By: Kaitlin Wright
The other day, someone on a blog I was reading quoted an Asian American poet from Fresno named Andre Yang. Yang said, “Many have told me to just ‘forget the past and look at the things the future has to offer’, but it’s hard to do when so much of my people’s future has to do with its history.” I think this quote speaks to the Asian American artists’ purpose and inspiration that was discussed in chapter two of Unsettled Visions. The works that these Asian American artists create are associated with their heritage and its relation to their present and future identity. These artists use various mediums to display their Asian heritage, but also to reveal their place in Western society. Machida quotes artist Dinh Q Le, saying that Asians who migrate to America are “always going back and forth between the two [Asia and America]” (Machida 117).
The artists talk about having to combat the Asian stereotypes that hold such a strong grip on the American imagination. We see it on a regular basis when someone makes a joke in a movie, or even in daily conversation; things like knowing martial arts, eating with chopsticks, wearing rice paddy hats, and growing Fu Manchu mustaches. Even if these stereotypes do not apply to all ethnicities, the uninformed idea of Asian culture lends to the thinking that “Asians [are] all of a piece, homogeneous, and therefore fundamentally alike, both in body and mind” (Machida 59). Tomie Arai, in her piece, Framing an American Identity simultaneously represents American and Japanese cultures through her personal art. She juxtaposes stereotypical images of Asians with nice, normal photos of Asian Americans. This piece presents images silk-screened onto pieces of wood. The photos alternate between real depictions of people and stereotypes. The wooden boards that display the photos of the real people are also decorated with a bamboo shade. It looks like the shade is pulled up to reveal the face underneath, so as to perhaps say that this is how Asians look without the veil of stereotypical ignorance. They are human, not wearing a mask or disguise of any kind. The photos are placed superior to the smaller, stereotypical images as another way to assert that the top image is preferred over the other. Aria says that she was “trying to humanize the work or the image so that people can connect” as opposed to stereotypes which unfairly lump people together (Machida 111).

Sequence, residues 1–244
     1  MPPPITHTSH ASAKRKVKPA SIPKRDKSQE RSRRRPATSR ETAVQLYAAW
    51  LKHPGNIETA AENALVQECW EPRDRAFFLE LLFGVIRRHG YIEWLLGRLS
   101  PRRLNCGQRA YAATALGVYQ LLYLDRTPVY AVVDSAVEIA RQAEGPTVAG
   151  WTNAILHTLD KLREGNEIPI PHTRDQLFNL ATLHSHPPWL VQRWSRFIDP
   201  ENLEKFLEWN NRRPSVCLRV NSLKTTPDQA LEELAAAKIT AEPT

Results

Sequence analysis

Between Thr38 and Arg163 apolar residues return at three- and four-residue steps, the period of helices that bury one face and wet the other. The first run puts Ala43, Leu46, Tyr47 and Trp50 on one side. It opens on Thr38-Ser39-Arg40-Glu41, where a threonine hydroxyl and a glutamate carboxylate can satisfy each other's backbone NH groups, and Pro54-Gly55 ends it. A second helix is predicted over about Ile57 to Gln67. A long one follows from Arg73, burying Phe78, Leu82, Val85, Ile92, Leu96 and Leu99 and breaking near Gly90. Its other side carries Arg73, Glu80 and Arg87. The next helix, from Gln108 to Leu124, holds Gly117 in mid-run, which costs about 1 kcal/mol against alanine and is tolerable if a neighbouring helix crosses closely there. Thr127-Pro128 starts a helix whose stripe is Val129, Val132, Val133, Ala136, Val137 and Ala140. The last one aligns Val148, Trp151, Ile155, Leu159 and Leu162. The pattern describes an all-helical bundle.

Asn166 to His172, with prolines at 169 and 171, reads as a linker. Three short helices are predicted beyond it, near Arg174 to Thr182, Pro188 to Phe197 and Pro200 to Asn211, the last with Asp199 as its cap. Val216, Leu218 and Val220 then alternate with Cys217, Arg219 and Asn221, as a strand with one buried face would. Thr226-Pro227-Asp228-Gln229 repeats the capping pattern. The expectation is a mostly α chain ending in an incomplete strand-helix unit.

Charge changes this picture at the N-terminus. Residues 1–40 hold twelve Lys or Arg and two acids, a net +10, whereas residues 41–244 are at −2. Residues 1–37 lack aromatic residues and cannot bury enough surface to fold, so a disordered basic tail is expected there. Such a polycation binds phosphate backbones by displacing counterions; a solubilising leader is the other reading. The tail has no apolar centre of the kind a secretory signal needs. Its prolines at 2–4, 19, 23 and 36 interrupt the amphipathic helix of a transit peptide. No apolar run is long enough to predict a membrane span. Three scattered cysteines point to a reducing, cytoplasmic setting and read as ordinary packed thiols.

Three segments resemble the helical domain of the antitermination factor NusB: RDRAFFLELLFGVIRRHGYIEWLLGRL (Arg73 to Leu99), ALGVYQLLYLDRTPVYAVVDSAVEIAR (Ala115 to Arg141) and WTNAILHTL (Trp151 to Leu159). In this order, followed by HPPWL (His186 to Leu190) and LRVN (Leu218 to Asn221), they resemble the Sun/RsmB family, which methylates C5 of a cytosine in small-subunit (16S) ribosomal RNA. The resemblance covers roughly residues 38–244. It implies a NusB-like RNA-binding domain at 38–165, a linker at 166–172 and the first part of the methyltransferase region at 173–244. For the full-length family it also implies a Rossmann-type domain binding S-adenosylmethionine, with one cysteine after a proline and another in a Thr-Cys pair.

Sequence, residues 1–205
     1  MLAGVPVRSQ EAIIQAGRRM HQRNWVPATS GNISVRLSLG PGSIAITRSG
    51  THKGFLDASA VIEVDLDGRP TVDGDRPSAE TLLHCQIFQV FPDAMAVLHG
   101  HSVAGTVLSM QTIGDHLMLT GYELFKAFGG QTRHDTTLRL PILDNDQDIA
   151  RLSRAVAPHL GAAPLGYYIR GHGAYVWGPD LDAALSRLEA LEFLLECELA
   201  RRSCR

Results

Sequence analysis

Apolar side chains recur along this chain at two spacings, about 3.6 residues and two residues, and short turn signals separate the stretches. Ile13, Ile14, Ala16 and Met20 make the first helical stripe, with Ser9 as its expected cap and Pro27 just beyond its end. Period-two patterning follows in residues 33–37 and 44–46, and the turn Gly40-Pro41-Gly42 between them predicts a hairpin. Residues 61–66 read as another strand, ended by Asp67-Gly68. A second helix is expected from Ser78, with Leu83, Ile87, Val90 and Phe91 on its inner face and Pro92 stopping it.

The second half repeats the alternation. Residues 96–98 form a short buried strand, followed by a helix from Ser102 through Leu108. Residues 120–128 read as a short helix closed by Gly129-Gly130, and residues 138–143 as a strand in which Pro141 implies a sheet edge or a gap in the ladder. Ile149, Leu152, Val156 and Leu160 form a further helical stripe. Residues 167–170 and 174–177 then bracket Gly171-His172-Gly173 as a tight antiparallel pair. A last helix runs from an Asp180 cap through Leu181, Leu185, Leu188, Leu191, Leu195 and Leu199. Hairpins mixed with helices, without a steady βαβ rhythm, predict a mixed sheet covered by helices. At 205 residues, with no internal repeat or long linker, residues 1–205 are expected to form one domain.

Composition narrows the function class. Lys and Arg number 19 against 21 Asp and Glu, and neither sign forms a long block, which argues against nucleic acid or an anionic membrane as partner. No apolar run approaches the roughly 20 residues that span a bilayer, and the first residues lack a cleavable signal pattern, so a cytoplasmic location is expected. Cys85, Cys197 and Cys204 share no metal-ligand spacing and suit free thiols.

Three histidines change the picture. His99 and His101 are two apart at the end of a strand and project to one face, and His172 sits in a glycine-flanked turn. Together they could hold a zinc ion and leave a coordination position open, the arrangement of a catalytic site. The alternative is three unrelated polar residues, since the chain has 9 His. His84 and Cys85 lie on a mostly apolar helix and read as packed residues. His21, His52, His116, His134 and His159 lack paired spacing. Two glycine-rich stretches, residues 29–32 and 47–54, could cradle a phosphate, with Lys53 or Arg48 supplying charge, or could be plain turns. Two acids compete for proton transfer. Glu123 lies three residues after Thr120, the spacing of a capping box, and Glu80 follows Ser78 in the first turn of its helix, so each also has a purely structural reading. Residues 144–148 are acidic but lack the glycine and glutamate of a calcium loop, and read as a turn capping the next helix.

This talk about stereotypes made me think about the blending that happens in these Asian American works of art. Blending occurs because pieces of the creator are infused in the art– there is a dual representation of both Asian and American identity. I think there is a blending that occurs between artist and viewer as well. That is the point of art anyway, right? To communicate. Whether an artist is combating stereotypes, or refiguring famous European art with an Asian body, the thoughts that the artists present begin to mix with the thoughts that the viewer has. Whether or not the opinions agree is not primarily important. These works open up a space of consideration for a different experience and point of view illustrating that opinions aren’t necessarily fixed in time. There is room for change in thought and action and there is room to be both Asian and American. The image of the “other” will hopefully fade if replaced with other images that familiarize and promote the Asian American identity within the general American menagerie.